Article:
Ambition is the urge to get ahead, to establish oneself powerfully and securely. p. 108
Ambition is a difficult spiritual enemy to pin down. It covers itself in devious ways. It can sneak in through vocabulary such as “the Lord has led me…” or “I have this vision for…” or “the door has been opened to….” Ambition can cloak itself in one’s “burdens for…” or “concern toward….” It can hide behind the effort to expel or unseat rivals because they hold divergent theologies. But ambition is most dangerous when it settles into the cracks of the heart and tempts a person to weigh every situation in terms of the possibilities of advancing into positions where there is fame or reward. A close parallel exists between raw personal ambition and the spiritually-passionate desire to advance the kingdom of Christ. Sometimes it is difficult at first to tell the difference between the two. p. 109
We pray that the honor of God will be seen in our efforts, yet we are all too conscious that the approval of the crowd is at least of equal importance. p. 111
2.     The Battle of Pride
Akin to ambition is pride, the inability to handle success. Our Christian world includes men and women in both the pastoral and lay sectors who started into leadership not through the energy of ambition but by sincere commitment to God’s purposes. But something happened along the way. Their success became intoxicating. p. 113

Four Kinds of Safe Places that Restore Spiritual Passion
1.     The Sanctuary
It became possible to create an imaginary sanctuary in his private world. There in the desert he could walk right into a specially designed sanctuary that offered the possibility of personal restoration. “So I have looked upon thee in the sanctuary, beholding thy power and glory. Because thy steadfast love is better than life, my lips will praise thee” (Ps. 63:2-3 RSV). p. 141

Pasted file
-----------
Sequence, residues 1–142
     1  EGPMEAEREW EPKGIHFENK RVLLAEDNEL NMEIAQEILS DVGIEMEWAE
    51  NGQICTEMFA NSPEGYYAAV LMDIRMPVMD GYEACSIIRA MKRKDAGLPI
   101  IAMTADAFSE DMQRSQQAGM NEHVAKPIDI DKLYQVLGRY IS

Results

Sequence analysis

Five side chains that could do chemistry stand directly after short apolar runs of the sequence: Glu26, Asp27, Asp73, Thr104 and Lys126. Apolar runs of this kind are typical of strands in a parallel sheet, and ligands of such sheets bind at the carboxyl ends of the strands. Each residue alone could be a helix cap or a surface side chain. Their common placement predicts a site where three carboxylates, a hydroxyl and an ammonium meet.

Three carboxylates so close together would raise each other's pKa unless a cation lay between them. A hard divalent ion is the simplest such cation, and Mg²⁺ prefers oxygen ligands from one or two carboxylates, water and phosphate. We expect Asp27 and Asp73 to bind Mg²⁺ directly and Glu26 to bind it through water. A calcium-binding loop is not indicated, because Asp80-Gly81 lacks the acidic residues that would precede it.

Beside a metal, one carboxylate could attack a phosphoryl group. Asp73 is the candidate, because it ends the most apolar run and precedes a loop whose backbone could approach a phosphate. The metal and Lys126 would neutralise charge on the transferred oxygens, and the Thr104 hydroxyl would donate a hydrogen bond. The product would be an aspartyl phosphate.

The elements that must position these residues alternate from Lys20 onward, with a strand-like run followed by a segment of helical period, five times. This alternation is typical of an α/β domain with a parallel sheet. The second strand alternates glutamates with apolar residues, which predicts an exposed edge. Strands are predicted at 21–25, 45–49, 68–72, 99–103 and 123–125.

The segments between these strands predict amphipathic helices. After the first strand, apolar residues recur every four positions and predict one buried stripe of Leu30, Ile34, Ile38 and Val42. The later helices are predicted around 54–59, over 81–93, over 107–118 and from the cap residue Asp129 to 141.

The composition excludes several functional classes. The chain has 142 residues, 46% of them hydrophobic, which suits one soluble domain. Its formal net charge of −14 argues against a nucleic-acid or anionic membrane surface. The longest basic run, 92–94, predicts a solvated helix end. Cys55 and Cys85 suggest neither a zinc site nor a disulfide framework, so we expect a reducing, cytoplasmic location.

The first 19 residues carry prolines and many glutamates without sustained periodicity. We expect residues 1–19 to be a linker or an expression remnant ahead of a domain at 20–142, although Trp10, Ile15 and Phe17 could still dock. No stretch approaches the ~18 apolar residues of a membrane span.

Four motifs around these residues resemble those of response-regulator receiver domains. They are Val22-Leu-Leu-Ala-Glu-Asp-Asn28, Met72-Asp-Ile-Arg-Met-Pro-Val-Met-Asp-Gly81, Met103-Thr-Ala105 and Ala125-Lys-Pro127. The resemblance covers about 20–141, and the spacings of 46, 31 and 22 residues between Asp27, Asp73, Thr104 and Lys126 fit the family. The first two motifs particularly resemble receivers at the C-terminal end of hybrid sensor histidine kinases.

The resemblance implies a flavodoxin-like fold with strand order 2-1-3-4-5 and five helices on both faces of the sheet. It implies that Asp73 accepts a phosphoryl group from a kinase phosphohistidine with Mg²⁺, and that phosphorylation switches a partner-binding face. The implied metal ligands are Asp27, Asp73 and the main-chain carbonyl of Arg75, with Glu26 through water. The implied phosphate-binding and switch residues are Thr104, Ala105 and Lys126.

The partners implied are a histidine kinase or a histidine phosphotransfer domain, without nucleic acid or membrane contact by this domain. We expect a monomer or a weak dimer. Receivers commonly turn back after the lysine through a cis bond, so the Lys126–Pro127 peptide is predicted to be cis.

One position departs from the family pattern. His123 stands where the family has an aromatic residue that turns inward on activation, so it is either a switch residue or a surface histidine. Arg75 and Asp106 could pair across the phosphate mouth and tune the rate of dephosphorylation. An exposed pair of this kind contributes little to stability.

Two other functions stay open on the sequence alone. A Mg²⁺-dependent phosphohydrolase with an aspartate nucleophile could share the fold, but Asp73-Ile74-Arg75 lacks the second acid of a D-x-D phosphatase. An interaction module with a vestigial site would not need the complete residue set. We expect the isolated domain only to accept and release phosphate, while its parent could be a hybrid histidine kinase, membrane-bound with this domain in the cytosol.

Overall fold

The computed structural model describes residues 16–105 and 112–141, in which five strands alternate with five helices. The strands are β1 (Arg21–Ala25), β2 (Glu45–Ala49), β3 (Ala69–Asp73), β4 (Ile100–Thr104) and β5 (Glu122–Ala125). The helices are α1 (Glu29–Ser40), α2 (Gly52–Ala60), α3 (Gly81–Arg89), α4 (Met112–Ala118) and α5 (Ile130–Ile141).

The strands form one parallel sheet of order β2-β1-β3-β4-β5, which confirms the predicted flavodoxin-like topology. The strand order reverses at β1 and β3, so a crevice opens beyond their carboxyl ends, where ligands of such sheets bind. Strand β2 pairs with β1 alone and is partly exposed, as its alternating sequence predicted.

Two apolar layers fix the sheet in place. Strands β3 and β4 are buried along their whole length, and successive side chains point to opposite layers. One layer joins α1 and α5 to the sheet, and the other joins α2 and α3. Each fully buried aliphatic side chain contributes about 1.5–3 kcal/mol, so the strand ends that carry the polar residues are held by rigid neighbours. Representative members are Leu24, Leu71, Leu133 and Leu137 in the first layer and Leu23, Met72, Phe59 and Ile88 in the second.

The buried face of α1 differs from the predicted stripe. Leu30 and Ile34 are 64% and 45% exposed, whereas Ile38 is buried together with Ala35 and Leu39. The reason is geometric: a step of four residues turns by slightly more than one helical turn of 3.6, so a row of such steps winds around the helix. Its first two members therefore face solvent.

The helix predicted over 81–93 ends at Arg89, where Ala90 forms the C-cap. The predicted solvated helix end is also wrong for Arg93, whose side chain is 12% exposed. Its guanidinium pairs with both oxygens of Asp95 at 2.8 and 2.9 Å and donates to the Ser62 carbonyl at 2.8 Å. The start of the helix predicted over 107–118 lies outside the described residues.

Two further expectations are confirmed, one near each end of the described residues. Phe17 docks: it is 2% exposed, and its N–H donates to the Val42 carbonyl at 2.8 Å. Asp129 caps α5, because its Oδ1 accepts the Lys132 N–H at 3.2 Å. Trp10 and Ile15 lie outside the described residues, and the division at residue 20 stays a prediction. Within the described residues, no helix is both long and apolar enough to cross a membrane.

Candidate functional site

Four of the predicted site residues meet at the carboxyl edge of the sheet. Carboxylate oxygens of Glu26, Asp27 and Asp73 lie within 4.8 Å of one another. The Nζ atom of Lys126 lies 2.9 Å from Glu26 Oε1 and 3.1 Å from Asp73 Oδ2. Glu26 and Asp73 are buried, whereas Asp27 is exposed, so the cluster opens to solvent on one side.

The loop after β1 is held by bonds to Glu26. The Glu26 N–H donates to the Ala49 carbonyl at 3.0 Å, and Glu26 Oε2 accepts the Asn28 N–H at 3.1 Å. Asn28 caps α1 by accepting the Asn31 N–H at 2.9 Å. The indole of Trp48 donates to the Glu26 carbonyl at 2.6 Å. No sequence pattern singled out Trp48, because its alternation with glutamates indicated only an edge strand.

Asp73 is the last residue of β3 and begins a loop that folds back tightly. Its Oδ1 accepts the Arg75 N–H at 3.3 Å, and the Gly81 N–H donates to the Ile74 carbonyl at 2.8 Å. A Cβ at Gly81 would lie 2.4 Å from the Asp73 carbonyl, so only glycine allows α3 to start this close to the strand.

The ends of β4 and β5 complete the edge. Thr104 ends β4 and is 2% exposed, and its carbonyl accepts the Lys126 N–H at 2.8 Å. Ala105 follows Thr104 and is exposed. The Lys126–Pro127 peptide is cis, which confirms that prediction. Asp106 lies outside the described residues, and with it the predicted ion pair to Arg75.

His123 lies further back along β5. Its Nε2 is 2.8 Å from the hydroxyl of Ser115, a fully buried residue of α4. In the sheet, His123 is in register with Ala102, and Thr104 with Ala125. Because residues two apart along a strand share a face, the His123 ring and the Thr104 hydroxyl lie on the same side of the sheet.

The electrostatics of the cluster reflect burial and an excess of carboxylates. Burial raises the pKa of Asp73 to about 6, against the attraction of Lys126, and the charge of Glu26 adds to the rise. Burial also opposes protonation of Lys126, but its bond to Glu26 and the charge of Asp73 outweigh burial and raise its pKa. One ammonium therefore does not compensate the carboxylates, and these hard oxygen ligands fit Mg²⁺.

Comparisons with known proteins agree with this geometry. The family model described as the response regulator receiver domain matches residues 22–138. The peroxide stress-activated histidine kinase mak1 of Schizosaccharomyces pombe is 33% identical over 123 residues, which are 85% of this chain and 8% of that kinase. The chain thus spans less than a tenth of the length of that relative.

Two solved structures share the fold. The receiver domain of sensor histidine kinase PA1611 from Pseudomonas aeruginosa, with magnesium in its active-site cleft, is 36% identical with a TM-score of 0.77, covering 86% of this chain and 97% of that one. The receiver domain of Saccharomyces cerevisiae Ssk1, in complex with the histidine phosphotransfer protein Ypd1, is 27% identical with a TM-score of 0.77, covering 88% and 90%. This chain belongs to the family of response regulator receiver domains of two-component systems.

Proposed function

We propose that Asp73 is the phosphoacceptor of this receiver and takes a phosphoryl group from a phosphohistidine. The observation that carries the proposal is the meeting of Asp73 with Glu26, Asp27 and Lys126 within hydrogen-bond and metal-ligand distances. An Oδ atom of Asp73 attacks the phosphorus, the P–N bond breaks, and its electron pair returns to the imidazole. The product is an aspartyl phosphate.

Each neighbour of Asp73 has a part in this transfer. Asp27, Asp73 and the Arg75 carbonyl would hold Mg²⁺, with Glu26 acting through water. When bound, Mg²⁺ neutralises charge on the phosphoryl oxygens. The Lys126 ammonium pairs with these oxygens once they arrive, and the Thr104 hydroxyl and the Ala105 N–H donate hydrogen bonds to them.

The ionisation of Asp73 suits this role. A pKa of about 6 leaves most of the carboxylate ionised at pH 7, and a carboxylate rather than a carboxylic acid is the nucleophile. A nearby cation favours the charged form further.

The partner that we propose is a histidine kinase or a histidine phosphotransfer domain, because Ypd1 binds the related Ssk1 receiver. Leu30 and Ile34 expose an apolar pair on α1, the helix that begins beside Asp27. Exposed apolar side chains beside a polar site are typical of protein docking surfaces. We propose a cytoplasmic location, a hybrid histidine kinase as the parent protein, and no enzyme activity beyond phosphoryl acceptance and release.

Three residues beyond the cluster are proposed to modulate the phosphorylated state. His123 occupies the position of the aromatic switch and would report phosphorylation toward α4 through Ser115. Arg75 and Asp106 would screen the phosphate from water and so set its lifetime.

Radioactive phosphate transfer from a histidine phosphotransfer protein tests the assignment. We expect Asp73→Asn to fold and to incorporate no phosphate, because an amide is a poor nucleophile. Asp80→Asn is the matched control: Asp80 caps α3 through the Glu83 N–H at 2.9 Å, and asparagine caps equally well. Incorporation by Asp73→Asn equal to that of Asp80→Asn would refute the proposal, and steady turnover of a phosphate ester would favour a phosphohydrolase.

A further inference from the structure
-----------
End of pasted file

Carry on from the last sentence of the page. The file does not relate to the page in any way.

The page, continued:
In this sanctuary David not only perceived the greatness of the majesty and power of God, but he was also refreshed with the reassurance of the steadfast love of the Lord. p. 142
2.     The Night Room
“As I like in bed, I remember you; all night long I think of you, because you have always been my help” (Ps. 63:6,7 TEV). p. 143
3.     The Protective Wings
Safe places in the air above the danger, in well-placed nests away from the danger, and close to protective parents’ wings covered or lifted from the danger. As David brooded upon safe places, the wings of a bird came to mind. pp. 145-146
“In the shadow of thy wings, I sing for joy” (Ps. 63:7 RSV). p. 146
“He will cover you with his wings; you will be safe in his care; his faithfulness will protect and defend you” (Ps. 91:4 TEV). p. 147